Yesterday, at Shadman Chouck Lahore, the place where Bhagat Singh was hanged on 23 March 1931, several groups including Labour Party Pakistan organized a vigil. There were a good numbers of political activists present on the occasion. Lok Rahs organized a street theater on the spot. Later on the night, we were joined by our Indian friends, and drove straight from Islamabad to Shadman Chouck.

They included Ramesh Yadev, based in Amritsar and actively involved with folklore society; Shahid Siddiqui, a former member of parliament and editor of Nai Duniya, a leading Urdu daily; Jatin Desai, an activist-journalist, a national joint secretary of PIPFPD and a bureau member of South Asia Human Rights (SAHR); Mazher Hussain, from Hyderabad and executive director of COVA; Haris Kidwai, General Secretary of PIPFPD, Delhi chapter; Bharat Modi, from fishing community based in Porbandar (Gujarat); Kangkal Shanth Kumar Nikhil Kumar, a journalist based in Delhi; Mahesh Bhatt, a prominent Indian film director, producer and screenwriter; and, renowned South Asian intellectual Kuldip Nayar.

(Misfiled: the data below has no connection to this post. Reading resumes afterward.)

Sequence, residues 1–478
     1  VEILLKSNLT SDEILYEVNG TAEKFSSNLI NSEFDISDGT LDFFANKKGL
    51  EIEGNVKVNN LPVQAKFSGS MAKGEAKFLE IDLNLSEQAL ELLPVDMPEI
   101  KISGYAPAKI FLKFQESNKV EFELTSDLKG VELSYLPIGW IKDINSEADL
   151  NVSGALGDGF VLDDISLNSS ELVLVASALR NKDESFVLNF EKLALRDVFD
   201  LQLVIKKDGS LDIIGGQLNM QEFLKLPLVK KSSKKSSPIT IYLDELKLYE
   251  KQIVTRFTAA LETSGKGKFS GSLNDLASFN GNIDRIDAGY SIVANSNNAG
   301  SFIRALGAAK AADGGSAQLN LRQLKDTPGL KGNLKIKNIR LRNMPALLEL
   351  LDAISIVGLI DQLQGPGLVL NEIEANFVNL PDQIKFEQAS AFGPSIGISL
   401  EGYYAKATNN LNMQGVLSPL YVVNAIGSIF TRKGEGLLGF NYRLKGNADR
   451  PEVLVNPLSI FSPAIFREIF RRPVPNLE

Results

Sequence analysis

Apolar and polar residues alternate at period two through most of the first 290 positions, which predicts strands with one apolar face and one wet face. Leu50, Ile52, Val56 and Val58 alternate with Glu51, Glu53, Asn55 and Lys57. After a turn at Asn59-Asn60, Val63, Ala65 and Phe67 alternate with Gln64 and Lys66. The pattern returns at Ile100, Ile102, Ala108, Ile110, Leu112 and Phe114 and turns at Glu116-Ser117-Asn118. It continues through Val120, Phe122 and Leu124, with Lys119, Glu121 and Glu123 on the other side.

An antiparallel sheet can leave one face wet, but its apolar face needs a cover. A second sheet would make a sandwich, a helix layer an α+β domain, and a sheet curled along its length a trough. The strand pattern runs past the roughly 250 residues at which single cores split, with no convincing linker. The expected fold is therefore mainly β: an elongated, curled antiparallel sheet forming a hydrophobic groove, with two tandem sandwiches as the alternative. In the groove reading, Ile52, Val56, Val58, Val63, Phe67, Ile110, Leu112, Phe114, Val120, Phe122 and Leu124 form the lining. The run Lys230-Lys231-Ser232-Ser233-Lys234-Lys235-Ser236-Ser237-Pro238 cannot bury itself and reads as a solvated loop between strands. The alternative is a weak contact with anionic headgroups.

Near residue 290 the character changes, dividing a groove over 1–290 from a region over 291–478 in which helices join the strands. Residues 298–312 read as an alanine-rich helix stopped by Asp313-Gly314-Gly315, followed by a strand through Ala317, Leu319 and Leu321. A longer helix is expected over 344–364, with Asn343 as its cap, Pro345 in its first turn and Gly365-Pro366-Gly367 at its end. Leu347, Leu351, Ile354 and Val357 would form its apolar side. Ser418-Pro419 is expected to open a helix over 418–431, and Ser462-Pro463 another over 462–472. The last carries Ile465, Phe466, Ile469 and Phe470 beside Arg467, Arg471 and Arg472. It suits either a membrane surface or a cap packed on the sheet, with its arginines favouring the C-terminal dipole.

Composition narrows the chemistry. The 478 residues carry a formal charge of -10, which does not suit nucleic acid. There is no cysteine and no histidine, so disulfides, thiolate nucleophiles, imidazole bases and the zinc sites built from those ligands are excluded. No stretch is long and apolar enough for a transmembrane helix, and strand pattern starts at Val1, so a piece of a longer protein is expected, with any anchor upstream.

We demanded that the place should be named Bhagat Singh Chouck. On the occasion, Asid Hashmi, a leader of Pakistan Peoples Party and chairman of Auqaf Department announced that one of the main buildings in Lahore will be named Bhaght Singh building.

I spoke to Kiran Singh, son of the nephew of Bhagat Singh on telephone, and we exchanged greetings and a commitment to continue the struggle of Bhagat Singh for a Socialist Indian sub continent.

Bhagat Singh was one of the most prominent faces of Indian freedom struggle. He was a revolutionary ahead of his times. By Revolution he meant that the present order of things, which is based on manifest injustice, must change. Bhagat Singh studied the European revolutionary movement and was greatly attracted to socialism. He realized that the overthrow of British rule should be accompanied by the socialist reconstruction of Indian society and for this, political power must be seized by the workers.

Though portrayed as a ‘terrorist’ by the British Imperialism, Bhagat Singh was critical of the individual terrorism which was prevalent among the revolutionary youth of his time, and called for mass mobilization.